In conclusion, although I had heard about Titche’s in the past, I never knew it had such an expansive storefront until now. Almost all of these buildings in the downtown area have an interesting past, and it was cool to learn about the history behind this otherwise unassuming old structure.

Granbury Town Square

Granbury: A Great Texas Small Town Getaway Destination

Over Labor Day weekend, my family and I decided to visit a small town on the outskirts of North Texas – Granbury. The idea came up to head out there as I continued on my journey to see all 254 counties that make up the Lone Star State. However, after seeing everything there is to do there, I concluded that it’s also a great weekend getaway destination that’s not too far from the Metroplex!

Located 38 miles to the southwest of Fort Worth and named after Confederate General Hiram Granbury, this town is home to a population of just under 8000. It is situated off the banks of Lake Granbury, which is part of the Brazos River. Driving there was a breeze – coming from North Dallas, we took Highway 20 and 377 which brought us right into town after about an hour and a half.

Upon arriving, we went straight to the Historic Granbury Town Square. As we pulled in, I was surprised to see how busy it was! In other small towns, the square is usually pretty dead, but this one was packed with people checking out the many quaint shops, bakeries, and other businesses.

Granbury Town Square
The Historic Granbury Town Square.

Many of these stores sold apparel, while others carried wall decorations and other knick-knack items.

Granbury Town Square Shop
Small family-owned stores like these made up the retail scene here.

One of the stores that we stepped into, Odd Relics Vintage Shoppe, had antiques of all sorts. Walking down its aisles, you feel like you’ve stepped back in time!

Granbury Odd Relics Vintage Shoppe
Antique fans, tin signs, and more – you never know you’ll find at an antique store.
Granbury Odd Relics Vintage Shoppe
The store had a second floor, filled with even more stuff.

Speaking of stepping back in time, not only do the buildings here look charming, most of them have some sort of historical value. I saw State Historical Markers posted everywhere I looked. That alone is something you rarely see in other small towns!

Granbury Town Square Historical Marker

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Historical markers are on many buildings here, like this hotel.

It wasn’t long until we came upon the Granbury Visitors Center, located steps away from the town square. Open and staffed seven days a week, you can get brochures, maps, and info about local events here. They even have free cookies!

Granbury Visitor Center
The Granbury Visitors Center.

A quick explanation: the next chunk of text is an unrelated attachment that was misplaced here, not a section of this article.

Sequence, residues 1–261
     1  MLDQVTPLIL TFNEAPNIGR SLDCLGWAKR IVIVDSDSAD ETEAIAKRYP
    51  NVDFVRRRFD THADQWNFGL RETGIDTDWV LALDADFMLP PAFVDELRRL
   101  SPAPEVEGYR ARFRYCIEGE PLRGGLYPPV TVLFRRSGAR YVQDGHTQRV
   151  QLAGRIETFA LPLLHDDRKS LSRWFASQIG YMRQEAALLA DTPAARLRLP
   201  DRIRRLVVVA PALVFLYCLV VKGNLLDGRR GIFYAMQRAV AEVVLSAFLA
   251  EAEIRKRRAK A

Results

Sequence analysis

Granbury Visitor Center
This is a good place to stop for more information about local attractions(or to cool down!).

The center of all these town squares is usually the courthouse, and Granbury was no exception, being the county seat of Hood County. There is a Parker, maybe Lampasas County flair to its architectural design, and was quite gorgeous. This building has been here for close to 130 years, having been built in 1890.

When we went, there were a number of booths set up right in front of the courthouse, where you could get everything from some Texas BBQ to homemade jewelry. A mechanical bull ride was even set up. This was all part of Shop, Stroll, & Savor, a one-day event that brought lots of people and vendors out here.

Granbury Shop, Stroll, & Savor

Granbury Shop, Stroll, & Savor

Just as it was starting to get unbearably hot, we headed off for our next and last stop after lunch, the Granbury City BeachIt’s definitely no Corpus Christi or Tampa, however if you want to find a peaceful place with sand and water located inland, this is it.

Granbury City Beach
The Granbury City Beach.

Unlike another similar beach in Little Elm, Granbury’s isn’t as crowded. The facilities looked to be well-maintained and welcoming for people of all ages. Food and drinks were being sold at a nearby pavilion, and a Hilton Garden Inn was located within walking distance should you want to stay a bit longer. I also saw a fair amount of jet ski and boating activity here, and it just seemed to be a nice place overall to enjoy the beauty of the Brazos.

Lake Granbury
Lake Granbury is a nice place to enjoy the water, whether by boat, jet ski, or just on the sand!

Although there are a few other things to do in town, such as touring Revolver Brewery and exploring the Hood County Jail Museum, we had to head back home since we planned this as a half day trip. It was nice experiencing the vibrant small-town charm present here, as well as crossing Hood off the list of counties I have yet to see. If you are looking for a relaxing place away from the big city with plenty to do, Granbury is a great choice!